At Zirkin and Schmerling Law, many of our potential clients begin their free initial consultation by saying: “I know the laws in Maryland don’t recognize self-defense, but here’s why I hit the other person…” Although this myth about the impermissibility of self-defense in Maryland seems very widespread, it isn’t actually true. In fact, the law governing self-defense in Maryland is quite clear. Not only that, our experienced criminal attorneys know how to handle this frequently misunderstood area of the law.
Understanding Self-Defense In Maryland
Our jury instructions, which we’ve designed for any non-lawyer to understand, clearly outline the factors that must be present to justify self-defense in Maryland. All four of the following factors must be present:
- You cannot be the aggressor in the fight. If you were the aggressor, you cannot be the one that raised the fight to a level of deadly force.
- You must have believed that you were in immediate, imminent danger.
- Your belief in that danger must have been reasonable.
- You cannot have used more force than was necessary to defend yourself from the threatened or actual harm.
If the State’s Attorney convinces the judge or jury that you were not defending yourself because at least one of these factors is not true in your case, only then can you be found guilty of assault.
If you feel like you need some legal help, contact our Criminal Law attorney to schedule a free case evaluation today.FREE CASE EVALUATION
Use Of Deadly Force
As seasoned criminal attorneys, we understand that fights often get out of hand. Sometimes they progress beyond punches, and sometimes weapons are introduced. Contrary to popular belief, using a weapon does not automatically mean that your self-defense is not justified. The laws governing self-defense in Maryland recognize that some situations require “deadly force,” which is defined as the amount of force necessary to cause death or serious harm.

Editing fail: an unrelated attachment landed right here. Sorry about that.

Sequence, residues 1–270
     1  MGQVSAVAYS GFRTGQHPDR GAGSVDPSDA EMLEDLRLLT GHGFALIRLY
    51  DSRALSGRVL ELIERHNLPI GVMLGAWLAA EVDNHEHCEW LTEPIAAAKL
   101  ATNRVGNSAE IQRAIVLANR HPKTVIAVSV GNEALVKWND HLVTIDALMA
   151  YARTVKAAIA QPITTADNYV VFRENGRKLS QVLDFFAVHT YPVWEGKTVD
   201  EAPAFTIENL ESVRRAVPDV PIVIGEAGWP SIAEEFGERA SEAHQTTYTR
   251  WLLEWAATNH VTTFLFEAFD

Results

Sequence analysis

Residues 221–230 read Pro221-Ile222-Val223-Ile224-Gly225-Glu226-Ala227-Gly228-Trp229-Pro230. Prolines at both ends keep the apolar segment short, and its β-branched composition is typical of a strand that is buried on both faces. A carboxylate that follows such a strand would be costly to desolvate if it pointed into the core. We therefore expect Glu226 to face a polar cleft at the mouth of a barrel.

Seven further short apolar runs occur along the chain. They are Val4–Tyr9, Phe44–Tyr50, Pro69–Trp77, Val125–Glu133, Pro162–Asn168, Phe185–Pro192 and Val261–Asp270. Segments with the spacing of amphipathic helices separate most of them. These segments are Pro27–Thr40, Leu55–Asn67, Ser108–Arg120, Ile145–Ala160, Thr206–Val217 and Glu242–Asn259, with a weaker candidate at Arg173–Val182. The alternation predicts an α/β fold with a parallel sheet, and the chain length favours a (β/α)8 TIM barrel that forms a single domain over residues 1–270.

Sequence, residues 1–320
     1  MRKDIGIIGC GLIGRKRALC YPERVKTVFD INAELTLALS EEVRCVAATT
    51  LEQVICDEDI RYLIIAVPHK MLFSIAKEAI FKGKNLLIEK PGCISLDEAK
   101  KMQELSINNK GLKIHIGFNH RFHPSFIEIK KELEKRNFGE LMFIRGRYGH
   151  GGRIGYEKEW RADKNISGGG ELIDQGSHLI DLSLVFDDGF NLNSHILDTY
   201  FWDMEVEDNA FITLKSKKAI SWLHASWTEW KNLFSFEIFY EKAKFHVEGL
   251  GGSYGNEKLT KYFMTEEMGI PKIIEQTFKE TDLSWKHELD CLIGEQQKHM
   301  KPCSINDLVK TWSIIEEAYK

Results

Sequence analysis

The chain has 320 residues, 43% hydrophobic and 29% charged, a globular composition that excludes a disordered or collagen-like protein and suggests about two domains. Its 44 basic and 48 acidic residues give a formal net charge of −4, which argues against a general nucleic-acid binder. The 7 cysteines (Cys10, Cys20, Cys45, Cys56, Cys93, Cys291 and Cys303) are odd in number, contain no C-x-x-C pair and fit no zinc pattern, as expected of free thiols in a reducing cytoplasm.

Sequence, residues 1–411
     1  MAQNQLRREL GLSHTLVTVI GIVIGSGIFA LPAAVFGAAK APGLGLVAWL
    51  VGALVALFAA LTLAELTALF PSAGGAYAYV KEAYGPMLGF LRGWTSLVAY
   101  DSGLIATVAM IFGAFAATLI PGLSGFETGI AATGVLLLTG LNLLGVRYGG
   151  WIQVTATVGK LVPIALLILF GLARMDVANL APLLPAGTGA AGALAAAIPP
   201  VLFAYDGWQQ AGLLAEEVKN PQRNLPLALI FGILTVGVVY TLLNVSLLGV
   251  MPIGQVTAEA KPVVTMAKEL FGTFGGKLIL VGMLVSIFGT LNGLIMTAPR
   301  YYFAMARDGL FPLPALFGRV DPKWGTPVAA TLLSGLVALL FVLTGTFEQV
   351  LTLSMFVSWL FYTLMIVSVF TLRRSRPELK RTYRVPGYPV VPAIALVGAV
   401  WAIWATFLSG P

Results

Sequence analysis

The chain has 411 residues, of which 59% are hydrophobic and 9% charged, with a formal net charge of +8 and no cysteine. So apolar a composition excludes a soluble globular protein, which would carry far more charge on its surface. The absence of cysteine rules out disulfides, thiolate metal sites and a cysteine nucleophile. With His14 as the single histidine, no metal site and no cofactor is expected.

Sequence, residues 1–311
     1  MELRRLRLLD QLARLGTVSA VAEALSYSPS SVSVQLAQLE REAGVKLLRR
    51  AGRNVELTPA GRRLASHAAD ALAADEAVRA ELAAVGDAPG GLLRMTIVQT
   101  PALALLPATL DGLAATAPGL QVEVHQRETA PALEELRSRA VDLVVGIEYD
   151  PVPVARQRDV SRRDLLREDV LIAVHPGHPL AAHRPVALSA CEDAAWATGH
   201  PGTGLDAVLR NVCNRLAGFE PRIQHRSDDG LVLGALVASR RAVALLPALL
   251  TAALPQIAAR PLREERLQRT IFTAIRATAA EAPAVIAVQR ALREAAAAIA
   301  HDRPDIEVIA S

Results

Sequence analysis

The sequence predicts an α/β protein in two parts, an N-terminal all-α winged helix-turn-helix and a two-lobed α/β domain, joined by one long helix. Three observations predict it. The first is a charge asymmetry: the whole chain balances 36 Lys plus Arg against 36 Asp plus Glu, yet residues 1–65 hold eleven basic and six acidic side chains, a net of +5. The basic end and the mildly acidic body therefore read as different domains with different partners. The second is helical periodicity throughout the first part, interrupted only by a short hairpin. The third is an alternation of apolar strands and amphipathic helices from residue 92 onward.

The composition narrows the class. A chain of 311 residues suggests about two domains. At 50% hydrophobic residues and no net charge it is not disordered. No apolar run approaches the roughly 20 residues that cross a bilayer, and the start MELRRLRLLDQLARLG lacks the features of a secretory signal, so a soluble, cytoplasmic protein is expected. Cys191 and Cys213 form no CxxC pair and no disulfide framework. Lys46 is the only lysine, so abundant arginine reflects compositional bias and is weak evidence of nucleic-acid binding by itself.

This type of self-defense is permissible under only very specific circumstances. Any deadly force used must be reasonable and justifiable, given the situation. If you actually believe that the aggressor’s force posed an immediate, imminent threat of death or serious bodily harm, then you can use deadly force to defend yourself.
Before using deadly force, you should also make a reasonable effort to retreat from the fight. The only times that this does not apply is if you were in your own home, if retreating would have been dangerous, if you were being robbed, or if you were lawfully arresting a victim.
Consider The Costs
All this being said, you shouldn’t look for someone you can’t stand and start an argument in the hopes that they throw the first punch. In order to argue self-defense in Maryland, you must first be charged with a crime. That means you may have been arrested, spent some time in jail, paid a lot of money to a bail bondsman for your release, and been placed on house arrest. You may also be facing possible jail time, which means losing your job, home, and everything else that matters to you.
So if you have the chance to escape a fight, ask yourself: is it worth it? Sometimes, standing your ground doesn’t justify suffering the consequences. In those cases, it’s best to get away from the situation before it escalates too far. However, sometimes violent and chaotic altercations do happen. That is why it’s so important to remember your rights and to hire an attorney who can argue that you were properly defending yourself.
Contact Our Team
When you are charged with First or Second Degree Assault, find an attorney who will evaluate your situation and recommend the best course of action. Don’t pay the price if you were defending yourself lawfully. Contact our team of experienced attorneys at 410-753-4611, or make an appointment online, to get the best team on your side.